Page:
σx=|01|+|10|=[0110],

which is the quantum mechanical analog of a classical NOT gate. In each of the Bloch spheres shown, the quantum state—represented by the locus of a unit-length vector on the sphere’s surface—follows a path from the sphere’s north pole to its south pole. However, the qubit subject to a default implementation (panel a) takes a substantially different path from those of the two qubits subject to error-robust pulses (panels b and c).

The Pauli X operation is implemented using a pulse of microwave radiation that enacts a control Hamiltonian

Hc(t)=12(Ω(t)eiφ(t)â).

Here â is a function of a and a, the lowering and raising operators for the state of the superconducting qubit. (We treat only the two lowest levels as an effective qubit.) The coupling term Ω(t)eiφ(t)I(t)+iQ(t) represents the control-pulse waveform, and the functions I(t) and Q(t) therein represent user-adjustable controls.

In the default implementation of the X operation (panel a), I(t) is composed of two sequential pulses that are approximately Gaussian, with only a small component in Q(t). Those pulses largely drive the qubit state along a meridian of the Bloch sphere. In a quantum firmware protocol, the simple physical definition for X is replaced with a new one that parameterizes the gate in terms of I(t) and Q(t).

Numeric optimization is used to minimize a cost function that ensures that the quantum logic gate is implemented correctly, even in the presence of noise. The controls applied in panels b and c are derived using Hc(t) and take into account smoothing functions that ensure pulses can be faithfully transmitted from room-temperature electronics into a dilution refrigerator where the qubits are housed. Because of the error reduction incorporated into the control waveforms, qubit states subject to optimized controls take paths along the Bloch sphere that are more complex than those taken by the default qubit. Enacting those complex paths often requires a longer pulse.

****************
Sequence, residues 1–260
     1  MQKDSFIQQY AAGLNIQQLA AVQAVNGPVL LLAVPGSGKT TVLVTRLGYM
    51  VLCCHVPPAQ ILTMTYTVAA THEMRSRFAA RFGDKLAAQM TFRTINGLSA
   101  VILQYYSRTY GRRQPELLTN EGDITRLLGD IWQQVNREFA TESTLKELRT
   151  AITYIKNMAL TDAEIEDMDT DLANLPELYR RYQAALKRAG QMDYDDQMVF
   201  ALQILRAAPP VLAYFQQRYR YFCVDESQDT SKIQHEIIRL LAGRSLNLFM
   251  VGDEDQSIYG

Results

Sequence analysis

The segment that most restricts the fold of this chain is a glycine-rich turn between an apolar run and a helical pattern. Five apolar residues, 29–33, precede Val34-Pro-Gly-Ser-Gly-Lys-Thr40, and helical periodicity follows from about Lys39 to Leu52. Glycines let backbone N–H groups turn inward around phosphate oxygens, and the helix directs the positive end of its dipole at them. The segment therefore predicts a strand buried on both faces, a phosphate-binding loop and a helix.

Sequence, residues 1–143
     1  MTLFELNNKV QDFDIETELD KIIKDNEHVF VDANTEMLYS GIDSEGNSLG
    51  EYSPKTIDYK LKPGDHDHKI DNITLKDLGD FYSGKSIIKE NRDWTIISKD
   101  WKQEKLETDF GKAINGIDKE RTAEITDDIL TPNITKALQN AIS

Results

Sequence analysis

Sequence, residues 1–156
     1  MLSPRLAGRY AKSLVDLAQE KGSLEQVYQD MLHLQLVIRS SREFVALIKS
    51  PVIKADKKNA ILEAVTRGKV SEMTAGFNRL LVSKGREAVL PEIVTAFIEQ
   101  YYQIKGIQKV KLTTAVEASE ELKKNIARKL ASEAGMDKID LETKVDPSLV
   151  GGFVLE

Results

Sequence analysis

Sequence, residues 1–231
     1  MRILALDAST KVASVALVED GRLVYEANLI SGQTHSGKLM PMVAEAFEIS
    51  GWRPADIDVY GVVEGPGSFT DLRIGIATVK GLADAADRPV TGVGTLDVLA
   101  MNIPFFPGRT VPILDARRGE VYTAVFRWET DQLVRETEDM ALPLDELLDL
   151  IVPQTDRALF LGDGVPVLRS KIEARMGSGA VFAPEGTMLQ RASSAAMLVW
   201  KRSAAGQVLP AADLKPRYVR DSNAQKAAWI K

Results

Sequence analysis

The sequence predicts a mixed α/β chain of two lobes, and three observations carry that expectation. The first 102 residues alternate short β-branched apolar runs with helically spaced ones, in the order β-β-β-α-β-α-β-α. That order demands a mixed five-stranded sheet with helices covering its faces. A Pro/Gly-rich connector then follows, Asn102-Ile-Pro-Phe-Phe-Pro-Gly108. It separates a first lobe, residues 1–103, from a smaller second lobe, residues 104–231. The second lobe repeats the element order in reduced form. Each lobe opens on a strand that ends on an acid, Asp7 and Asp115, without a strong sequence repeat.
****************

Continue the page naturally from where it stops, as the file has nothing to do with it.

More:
The optimized controls described here are designed to implement the X operation in a manner that is robust against either errors in the amplitude Ω(t) or in the driving frequency that implements the pulses. To test the control’s performance, it is repeatedly applied in the presence of either quasistatic pulse-amplitude errors or pulse-frequency (detuning) errors, and the gate’s infidelity—the probability that a qubit state evolves to the wrong target—is measured (see panels d and e). Even when large amplitude or detuning errors were added to the applied pulse, each optimized solution shows a flat response, which is a signature of robustness. The control designed to be robust against dephasing (panel b) is indeed flat in the presence of dephasing errors (panel e). Likewise, the amplitude-robust control response (panel c) is flat despite amplitude errors (panel d).

The shaded areas in panels d and e indicate the overall improvement achieved through the choice of appropriate optimized pulses. Additional controls designed to exhibit robustness to both error processes simultaneously have also been demonstrated. (For a full explanation of the experiment described here, see reference 9.)

In closed-loop feedback control, actuation is determined by measurements of the system. Its use is constrained by the destructive nature of projective measurement in quantum mechanics. Several strategies may nevertheless be employed for hardware-level feedback-based stabilization; they all are designed to gain sufficient information about the underlying system without destroying encoded information needed in a computation. In fact, QEC—the gold-standard approach for large-scale quantum computers—is a form of closed-loop feedback that employs indirect measurement through ancilla qubits. The direct integration of hardware-level feedback stabilization remains an ongoing area of exploration with some exciting results.10